AFTER COMPLETING THE TEACHER EDUCATION PROGRAM, AM I ELIGIBLE TO
RECEIVE A CREDENTIAL?
You need certification from the state where you will teach. Each state has its own specifications for approved teacher education programs or the number of credit hours required in both education and academic courses. Most states require you to pass teaching examinations before licensing you to teach.
Some states initially grant provisional certification and expect candidates to undertake a paid internship, working with a master teacher in a school for at least a year.
ARE THERE OTHER WAYS TO BECOME CERTIFIED?
If enough certified teachers are not available, most states will issue emergency credentials to college graduates who want to teach but who have not met the state's minimum requirements for regular credentials. Some states also offer alternative teacher certification to college graduates who lack teacher education training but have some experience in subject areas where teachers are needed. Provisional certificates have been offered to compensate for this shortage, and these teachers are given a specified time to complete requirements.
WHERE CAN I FIND INFORMATION ON VARIOUS STATE REQUIREMENTS?
The most reliable information source is each state's education department or licensing office. The addresses are listed in "Requirements for Certification," an annual publication of the University of Chicago Press. Another source is the "Manual on Certification and Preparation of Educational Personnel in the United States" published by the National Association of State Directors of Teacher Education and Certification (NASDTEC).
ARE THERE NATIONAL TEACHING REQUIREMENTS?
There are no national teaching requirements, but nationwide teaching standards may soon be implemented. The National Board for Professional Teaching Standards is developing a system that will grant national certification to those who voluntarily attempt and pass a set of standardized examinations. It is possible that states may eventually adopt these national standards.
IF I MEET THE REQUIREMENTS IN ONE STATE, CAN I TEACH IN ANOTHER?
As of 1991, 31 states plus the District of Columbia have an agreement that permits certification reciprocity. However, teachers might not transfer into a new jurisdiction at the same salary level and will probably need to take some additional courses.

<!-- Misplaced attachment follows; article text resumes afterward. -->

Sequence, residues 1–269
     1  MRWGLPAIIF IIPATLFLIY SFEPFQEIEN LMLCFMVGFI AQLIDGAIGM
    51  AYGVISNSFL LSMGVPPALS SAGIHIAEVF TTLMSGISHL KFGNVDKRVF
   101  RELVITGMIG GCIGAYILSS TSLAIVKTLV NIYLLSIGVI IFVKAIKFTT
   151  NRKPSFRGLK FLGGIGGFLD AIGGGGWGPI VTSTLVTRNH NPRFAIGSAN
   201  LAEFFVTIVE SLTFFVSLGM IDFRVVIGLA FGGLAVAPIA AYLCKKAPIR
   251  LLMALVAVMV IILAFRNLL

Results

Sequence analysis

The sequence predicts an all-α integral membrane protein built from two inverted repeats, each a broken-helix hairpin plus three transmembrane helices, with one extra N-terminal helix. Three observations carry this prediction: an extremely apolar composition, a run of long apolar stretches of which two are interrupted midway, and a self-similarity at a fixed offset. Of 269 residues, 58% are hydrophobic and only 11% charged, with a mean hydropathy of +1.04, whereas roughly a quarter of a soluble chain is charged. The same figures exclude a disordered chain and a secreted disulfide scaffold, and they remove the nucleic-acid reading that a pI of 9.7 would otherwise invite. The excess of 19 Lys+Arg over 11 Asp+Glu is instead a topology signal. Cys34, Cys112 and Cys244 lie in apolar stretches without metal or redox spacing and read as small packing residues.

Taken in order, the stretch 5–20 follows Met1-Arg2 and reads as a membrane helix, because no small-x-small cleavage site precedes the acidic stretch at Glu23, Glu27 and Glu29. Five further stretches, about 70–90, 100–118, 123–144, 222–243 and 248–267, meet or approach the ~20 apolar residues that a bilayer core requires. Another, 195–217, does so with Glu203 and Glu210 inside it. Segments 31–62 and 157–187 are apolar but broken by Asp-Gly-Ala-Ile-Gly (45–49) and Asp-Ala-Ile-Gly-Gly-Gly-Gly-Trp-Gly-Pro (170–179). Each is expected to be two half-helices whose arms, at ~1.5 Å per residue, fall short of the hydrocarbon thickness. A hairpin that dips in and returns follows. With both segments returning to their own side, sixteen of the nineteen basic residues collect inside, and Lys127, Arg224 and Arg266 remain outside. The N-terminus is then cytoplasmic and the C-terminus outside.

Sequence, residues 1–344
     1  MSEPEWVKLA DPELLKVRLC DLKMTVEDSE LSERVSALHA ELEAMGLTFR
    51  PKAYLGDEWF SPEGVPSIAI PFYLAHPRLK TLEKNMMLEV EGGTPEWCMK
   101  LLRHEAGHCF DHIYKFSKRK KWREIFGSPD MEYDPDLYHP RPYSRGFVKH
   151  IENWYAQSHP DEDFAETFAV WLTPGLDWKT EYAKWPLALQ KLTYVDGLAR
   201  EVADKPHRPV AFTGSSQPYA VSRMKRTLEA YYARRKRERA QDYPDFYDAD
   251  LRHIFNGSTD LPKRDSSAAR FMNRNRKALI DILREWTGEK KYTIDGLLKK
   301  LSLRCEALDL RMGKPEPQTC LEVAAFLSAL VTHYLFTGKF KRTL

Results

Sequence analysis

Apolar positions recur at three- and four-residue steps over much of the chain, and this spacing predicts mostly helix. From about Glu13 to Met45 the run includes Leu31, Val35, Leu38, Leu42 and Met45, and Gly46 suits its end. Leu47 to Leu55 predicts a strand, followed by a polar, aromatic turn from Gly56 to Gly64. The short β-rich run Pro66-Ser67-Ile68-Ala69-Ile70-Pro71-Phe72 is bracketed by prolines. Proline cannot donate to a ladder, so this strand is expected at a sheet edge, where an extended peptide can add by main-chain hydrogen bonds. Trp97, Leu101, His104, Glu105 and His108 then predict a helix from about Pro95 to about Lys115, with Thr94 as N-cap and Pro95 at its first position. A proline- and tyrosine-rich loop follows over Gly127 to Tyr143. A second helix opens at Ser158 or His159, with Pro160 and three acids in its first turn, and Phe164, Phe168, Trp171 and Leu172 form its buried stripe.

HOW DO I LOCATE JOBS?
At present there is no centralized national job listing. States and/or districts advertise for and recruit their own teachers; you must contact them individually.
WHAT IS THE DEMAND FOR TEACHERS?
There is turnover in the teaching force just as there is in other professions. New teachers will always be needed, but this may vary according to subject speciality and geographic location. An increased demand for more secondary teachers is developing, particularly in mathematics, science, special education, and English as a second language. There is also an overall need for more minority teachers. Shortages of teachers may occur in rural and urban schools.
References identified with an ED number (documents) have been abstracted and are in the ERIC database. Documents are available in ERIC microfiche collections at more than 700 locations. Documents can also be ordered through the ERIC Document Reproduction Service: (800) 433-ERIC. For more information, contact the ERIC Clearinghouse on Teacher Education, One Dupont Circle, NW, Suite 610, Washington, DC 20036; (202) 293-2450.
Alsalam, N., & Rogers, G. T. (Eds.). (Annual). The condition of education 1991. Washington, DC: National Center for Education Statistics.
American Association of Colleges for Teacher Education. (Annual). RATE IV--Teaching teachers: Facts & figures, 1990. Washington, DC: Research About Teacher Education Project, AACTE. ED 328 550
American Association of Colleges for Teacher Education. (Periodic). Teacher education pipeline II: Schools, colleges, and department of education enrollments by race and ethnicity. Washington, DC: Author. ED 328 549
Feistritzer, E., & Chester, D. (1991). Alternative teacher certification: A state-by-state analysis. Washington, DC: National Center for Education Information.
Hannah, L. K. (Ed.). (Annual). The job search handbook for educators. 1992 ASCUS annual. Evanston, IL: Association for School, College and University Staffing, Inc.
Mastain, R. K. (Ed.). (1991). The NASDTEC manual 1991. Manual on certification and preparation of educational personnel in the United States. Dubuque, IA: Kendall/Hunt Publishing Company.
National Council for Accreditation of Teacher Education. (Annual). Thirty-seventh annual list of accredited programs/units--1991. Washington, DC: Author.
Nelson, F. H. (Annual). Survey & analysis of salary trends, 1990. Washington, DC: American Federation of Teachers.
U.S. Department of Labor, Bureau of Labor Statistics. (Annual). Occupational outlook handbook. Washington, DC: Author.
This publication was prepared with funding from the Office of Educational Research and Improvement, U.S. Department of Education, under contract number RI88062015. The opinions expressed in this report do not necessarily reflect the positions or policies of OERI or the Department
Title: So You Want To Be a Teacher. ERIC Digest.
Note: 4p.; Supersedes earlier digest (ED 282 860).
Publication Year: 1992
Document Type: Eric Product (071); Eric Digests (selected) (073)
Target Audience: Policymakers and Practitioners and Parents
ERIC Identifier: ED344872
This document is available from the ERIC Document Reproduction Service.
Descriptors: * Admission Criteria; Career Information Systems; Elementary Secondary Education; Higher Education; Required Courses; * Teacher Certification; * Teacher Education; * Teacher Education Programs; Teacher Supply and Demand; * Teaching [Occupation]
Identifiers: ERIC Digests; *Question Answering